Entering a new decade, California is primed to implement several bills signed into law at the end of 2019 that seem poised to turbocharge the trend of making accessory dwelling units (“ADUs”) less expensive, easier to get approved, and much more common in the Golden State. Despite these salutary efforts, however, obstacles to the successful implementation of these laws still remain, in the form of ongoing local animosity towards the additional density created by these structures. While the future is unclear, it is likely that such policies will continue to face headwinds from local jurisdictions protecting their turf.
This wave of new legislation perpetuates an effort that began under Governor Jerry Brown starting in 2016 and continued at brisk, steady pace for some time thereafter as previously noted in my blog. During this period, it was not unusual to read articles with headlines like “California ADU Applications Skyrocket After Regulatory Reform” in our daily newsfeeds. While this legislation made ADUs legal throughout the state and outlined a path to legal conformance for such structures that were built illegally, however, local jurisdictions were left with the task of enacting ordinances to implement these new requirements.
As a result, many municipalities thwarted the construction of ADUs by such methods as refusing to allow garage conversions because they were not specifically addressed in the statute, creating onerous “impact” fee schedules that made projects unaffordable, adding oppressive parking requirements to ADU projects, imposing owner occupancy requirements of up to five years on ADUs, and generally burdening ADU applicants with hearings and project reviews. Clearly, local residents—and by extension, local government—were loath to give up control over the development of this type of housing.
In response to these limitations on ADU expansion, the state legislature during its most recent session enacted, and the governor thereupon signed, several statutes that were designed to constrain local authorities’ efforts to countermand these activities. Several of these new laws are discussed below.
Shortened approvals and less red tape
AB 68 and AB 881 require all ADU applications to be acted on within 60 days of filing. In addition, the municipality is not allowed to consider the merits of the design or its environmental impact. Instead, an ADU project will only subject to ministerial approval; this means that the project will not be subject to discretionary review or hearings, but rather will simply be a straightforward transaction in the municipal development center, just like a building permit application.
Further, these laws establish statewide minimum lot size requirements, and impose uniform maximum ADU dimensions. These laws also allow for “junior” ADUs where certain access, setback and other criteria are met. Garage conversions are also now specifically allowed.
Ban on owner-occupancy requirements and limits on fees
SB 13 mandates that local jurisdictions may not require an owner-applicant to reside in either the primary dwelling or the ADU. This provision is scheduled to sunset in 2025 unless renewed. In addition, this legislation creates a tiered fee structure that charges ADUs based on their size and location, a fairer approach than had been imposed by many jurisdictions; for example, there are no impact fees on ADUs smaller than 750 square feet.
The complete text of SB 13 may be found here.
HOA restrictions and other legislation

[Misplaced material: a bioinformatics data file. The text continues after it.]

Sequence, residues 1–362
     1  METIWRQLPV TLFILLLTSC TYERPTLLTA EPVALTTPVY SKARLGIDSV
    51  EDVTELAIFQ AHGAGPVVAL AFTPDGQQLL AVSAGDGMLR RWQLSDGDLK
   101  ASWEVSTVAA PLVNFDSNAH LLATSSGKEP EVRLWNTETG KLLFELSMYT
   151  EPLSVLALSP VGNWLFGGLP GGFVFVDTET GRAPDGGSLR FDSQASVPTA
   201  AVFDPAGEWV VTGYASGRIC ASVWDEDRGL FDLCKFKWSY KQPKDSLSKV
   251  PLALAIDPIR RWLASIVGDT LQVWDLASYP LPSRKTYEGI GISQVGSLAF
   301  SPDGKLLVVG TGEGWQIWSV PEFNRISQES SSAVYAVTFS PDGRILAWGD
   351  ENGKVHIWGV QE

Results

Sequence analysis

AB 670, which applies to planned developments, bars HOAs from prohibiting ADUs. Specifically, this new law makes unlawful any HOA condition that unreasonably restricts the construction of ADUs and junior ADUs on single-family residential lots. For purposes of this statute, an HOA condition is deemed to be unreasonably restrictive if it unreasonably increases the cost and effectively prohibits the construction of an ADU or a junior ADU.
According to the Community Associations Institute, a national trade group, over 9 million Californians live in residences governed by homeowners associations. Given this fact, of all the new ADU laws going into effect this year, AB 670 may have the broadest impact statewide.
The complete text of AB 670 may be found here.
In addition to AB 670, there are other laws becoming effective January 1, 2020, that may also have some impact on the development of ADUs in California, most notably AB 587 and AB 671. AB 587 will make it possible for a nonprofit organization serving low-income families to sell or convey an ADU located on its property separately from the primary residence under certain limited conditions. AB 671 will require local governments to include in their General Plan housing elements plans to promote the creation of ADUs as affordable housing.
Impact of the new ADU push
As with earlier efforts to encourage the development of ADUs statewide, these new laws require local jurisdictions to bring their ordinances into compliance with these mandates as of their effective date. In contrast with prior California ADU legislation, however, these new statutes have more teeth when it comes to dealing with the failure of local laws to comply with their requirements.
In particular, prior statutory reform efforts placed most of the burden of enforcing compliance with state ADU requirements on the developer. The current legislation, however, provides the state with additional tools to require cities and counties to make their ordinances conform to state law. This shift should help property owners avoid being forced to sue their cities to follow state law, as many have unfortunately had to do. Still, I would not expect cities and counties to simply roll over in the wake of these laws, so I would be prepared to continue to see litigation over ADUs in the future.